The longer I went, though, many things came up that would assure my commitment. Over the years these were as various as walking through the documentation of a Tehching Hsieh performance, Cage Piece, and remembering about a step-cousin of mine whose hands seemed to never stop shaking, how he and I were both strung, how we both became drawn to dance as one escape from our fraught adolescence.

INTERVIEWER

At various points you describe the boys in the courtroom. I found myself wondering how much of the imagery was speculated and how much was written with reference to real footage and documents. I felt tempted to search for the news articles, and yet I also wanted to allow myself to experience the story without visual references—I caved about three-quarters of the way through. Could you speak about beginning with and transforming images into prose—particularly images from a crime story? I’m thinking about this especially in the context of our media culture, which often sensationalizes traumatic photographs or footage.

MARTIN

Yes, that was the last thing I wanted to do. Even less to invite comparisons like those credit rolls at the end of a film where the actor is situated beside the real-life personage. But there was a tension. I didn’t want to invent, but I also did not want to deny. I wanted a way for those images that existed in circulation to find some dimension beyond flat shock and standard procedures. To see the brokenness of the boy’s handwriting moved me as much as the crime scene photographs, and I wanted to express this. It struck me as incredibly indecent to put the pages of his notebook up on some newsite.com and alongside that also audio files that could be clicked to hear voices during testimony that I listened to sometimes feeling part of the whole violation.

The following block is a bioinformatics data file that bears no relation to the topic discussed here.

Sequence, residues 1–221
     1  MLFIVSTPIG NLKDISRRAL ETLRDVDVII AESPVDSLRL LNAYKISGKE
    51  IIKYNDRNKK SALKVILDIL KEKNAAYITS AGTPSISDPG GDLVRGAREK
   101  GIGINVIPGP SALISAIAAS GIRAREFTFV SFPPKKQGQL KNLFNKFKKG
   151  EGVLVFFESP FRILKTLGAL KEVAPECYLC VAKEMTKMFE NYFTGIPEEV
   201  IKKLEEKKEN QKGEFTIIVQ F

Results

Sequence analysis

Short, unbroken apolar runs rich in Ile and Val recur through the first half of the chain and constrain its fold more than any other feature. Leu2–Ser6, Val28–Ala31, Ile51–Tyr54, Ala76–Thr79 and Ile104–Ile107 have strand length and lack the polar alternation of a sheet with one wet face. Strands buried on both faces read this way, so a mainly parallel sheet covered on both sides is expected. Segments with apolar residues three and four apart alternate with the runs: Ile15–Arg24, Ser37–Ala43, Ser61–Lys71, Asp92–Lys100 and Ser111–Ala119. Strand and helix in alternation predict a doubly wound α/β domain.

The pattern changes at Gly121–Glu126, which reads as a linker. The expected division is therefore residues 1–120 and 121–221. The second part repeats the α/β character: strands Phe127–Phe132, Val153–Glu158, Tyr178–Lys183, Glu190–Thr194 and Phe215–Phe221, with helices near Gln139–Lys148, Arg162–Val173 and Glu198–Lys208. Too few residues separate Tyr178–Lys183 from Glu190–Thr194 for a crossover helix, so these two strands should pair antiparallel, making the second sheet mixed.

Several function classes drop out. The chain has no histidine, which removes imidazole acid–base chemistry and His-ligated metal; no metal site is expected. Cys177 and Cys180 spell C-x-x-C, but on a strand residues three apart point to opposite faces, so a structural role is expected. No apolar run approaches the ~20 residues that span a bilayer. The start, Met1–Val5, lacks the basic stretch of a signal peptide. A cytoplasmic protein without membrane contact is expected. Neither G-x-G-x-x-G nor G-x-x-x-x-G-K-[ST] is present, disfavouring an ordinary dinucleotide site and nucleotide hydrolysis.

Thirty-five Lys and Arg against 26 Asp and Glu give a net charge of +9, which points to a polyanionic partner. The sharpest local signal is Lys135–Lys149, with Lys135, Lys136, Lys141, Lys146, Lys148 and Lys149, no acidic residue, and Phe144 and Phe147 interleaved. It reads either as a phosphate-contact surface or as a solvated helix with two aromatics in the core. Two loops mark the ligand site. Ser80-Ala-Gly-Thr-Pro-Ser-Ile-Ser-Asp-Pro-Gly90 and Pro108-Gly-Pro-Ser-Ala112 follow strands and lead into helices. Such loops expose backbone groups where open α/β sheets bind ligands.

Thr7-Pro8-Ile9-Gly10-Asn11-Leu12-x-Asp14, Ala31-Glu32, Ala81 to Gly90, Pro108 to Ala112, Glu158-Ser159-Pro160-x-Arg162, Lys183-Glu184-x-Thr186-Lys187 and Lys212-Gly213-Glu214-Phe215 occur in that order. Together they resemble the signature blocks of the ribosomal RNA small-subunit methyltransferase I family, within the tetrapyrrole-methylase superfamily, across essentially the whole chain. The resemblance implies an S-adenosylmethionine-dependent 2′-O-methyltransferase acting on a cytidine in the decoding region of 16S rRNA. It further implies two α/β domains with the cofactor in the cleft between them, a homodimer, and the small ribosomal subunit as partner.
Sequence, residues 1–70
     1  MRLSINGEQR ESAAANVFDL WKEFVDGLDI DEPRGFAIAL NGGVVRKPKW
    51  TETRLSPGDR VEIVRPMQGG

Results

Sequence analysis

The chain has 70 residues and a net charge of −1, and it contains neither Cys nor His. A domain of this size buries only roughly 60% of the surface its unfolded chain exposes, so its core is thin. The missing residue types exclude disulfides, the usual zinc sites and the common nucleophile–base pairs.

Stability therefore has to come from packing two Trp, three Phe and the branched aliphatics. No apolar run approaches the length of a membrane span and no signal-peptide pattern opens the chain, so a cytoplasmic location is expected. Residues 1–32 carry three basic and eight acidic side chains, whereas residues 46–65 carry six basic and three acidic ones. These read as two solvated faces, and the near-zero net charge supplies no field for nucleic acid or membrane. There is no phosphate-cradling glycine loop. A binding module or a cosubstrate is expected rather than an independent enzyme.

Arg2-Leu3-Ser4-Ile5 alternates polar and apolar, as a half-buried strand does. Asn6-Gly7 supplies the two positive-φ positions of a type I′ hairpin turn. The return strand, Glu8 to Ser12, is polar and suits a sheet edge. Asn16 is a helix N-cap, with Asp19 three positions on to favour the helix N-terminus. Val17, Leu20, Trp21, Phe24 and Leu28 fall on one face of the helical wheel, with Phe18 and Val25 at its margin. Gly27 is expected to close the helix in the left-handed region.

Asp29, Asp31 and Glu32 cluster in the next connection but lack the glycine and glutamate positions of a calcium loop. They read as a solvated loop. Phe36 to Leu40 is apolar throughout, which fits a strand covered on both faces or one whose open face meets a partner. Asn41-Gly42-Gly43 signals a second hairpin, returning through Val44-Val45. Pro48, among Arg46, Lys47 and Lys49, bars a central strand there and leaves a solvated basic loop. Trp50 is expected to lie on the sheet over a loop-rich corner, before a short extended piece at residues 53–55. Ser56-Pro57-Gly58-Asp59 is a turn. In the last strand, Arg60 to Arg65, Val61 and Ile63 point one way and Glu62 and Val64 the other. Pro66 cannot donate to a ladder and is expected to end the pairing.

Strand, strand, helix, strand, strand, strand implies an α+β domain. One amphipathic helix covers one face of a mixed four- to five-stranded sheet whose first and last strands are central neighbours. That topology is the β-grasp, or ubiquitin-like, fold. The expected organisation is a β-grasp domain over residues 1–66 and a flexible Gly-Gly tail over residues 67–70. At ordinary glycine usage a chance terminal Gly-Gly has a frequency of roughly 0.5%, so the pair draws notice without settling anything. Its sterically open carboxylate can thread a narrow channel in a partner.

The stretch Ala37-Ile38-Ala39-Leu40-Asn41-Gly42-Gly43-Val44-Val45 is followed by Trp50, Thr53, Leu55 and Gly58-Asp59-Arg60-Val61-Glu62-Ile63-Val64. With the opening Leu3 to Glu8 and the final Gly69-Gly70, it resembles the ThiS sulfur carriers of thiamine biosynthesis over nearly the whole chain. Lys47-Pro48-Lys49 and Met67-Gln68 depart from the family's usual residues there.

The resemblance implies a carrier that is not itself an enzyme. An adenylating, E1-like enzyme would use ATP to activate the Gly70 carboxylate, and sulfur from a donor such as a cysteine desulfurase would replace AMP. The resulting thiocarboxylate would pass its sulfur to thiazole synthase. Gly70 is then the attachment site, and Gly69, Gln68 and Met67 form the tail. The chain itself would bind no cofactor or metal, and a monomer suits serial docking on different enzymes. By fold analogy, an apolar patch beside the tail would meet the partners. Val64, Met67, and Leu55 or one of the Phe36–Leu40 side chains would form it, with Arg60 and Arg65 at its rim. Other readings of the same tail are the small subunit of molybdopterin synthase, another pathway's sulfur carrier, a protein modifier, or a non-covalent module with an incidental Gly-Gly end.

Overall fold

Just recently, before the world took its pause from casual traveling, I was in Chicago to read and also saw a Warhol retrospective thanks to the poet who had arranged to bring me out. I was remembering then how I had studied at points the Death and Disaster series, the electric chairs and car crashes, also his most wanted men, and I had felt something in line with that. In an even more sustained way, I focused some of what I was doing through reading about Gerhard Richter’s reframed presentations of media subjects. I was striving for some similar endeavor in words, like what might supplement a copy of a copy, what can’t but form otherwise than through this trace of an echo. A monograph of his portraits stayed on my desk for a long time.

When I was in college, it was the audio of the opening moment when that rock lands in Heavenly Creatures, the scream that runs at the audience. But before I was a teenager even, even more a child, the girl in Night of the Living Dead with the spade in the cellar was the most unsettling to me, because you could hear it every time you planted anything, if you tried. Something still defying and going beyond the eyes.

INTERVIEWER

There’s a scene in which the younger boy is writing notes to himself about the nature of love. “He knows what love looks like.” Out of context, the scene could be beautiful—the boy’s writing is thoughtful, tender. But readers know that the “love” the boy thinks he knows is the manipulation of the predator. The certainty in he knows what love looks like suddenly seems terrible. What do we do in a world in which such extreme violation of a person and their language—such violation of the word love—is possible? How do you write into that question?

MARTIN

The hardest question I have ever been asked so far, and I do not want to hedge here. I begin wondering what the word is supplementing. I probably do not know much what a love looks like that has not been predicated on imbalances. It can also be the question of pedagogy. It is a question a lot of writers who have formed me have worked upon, and I hold onto those who have been my guides. My teacher Eve Sedgwick said one of the cruelest moves you could make with another person’s mind was to take away their sense of self-definition. I have done something I am sure with her words in crude paraphrase. I remember what I do because of something I need. How I spent many years with a man who would regularly announce he had never been in love and did not believe in it, but still that did not end it for me.

Spencer Quong is a writer from the Yukon Territory, Canada.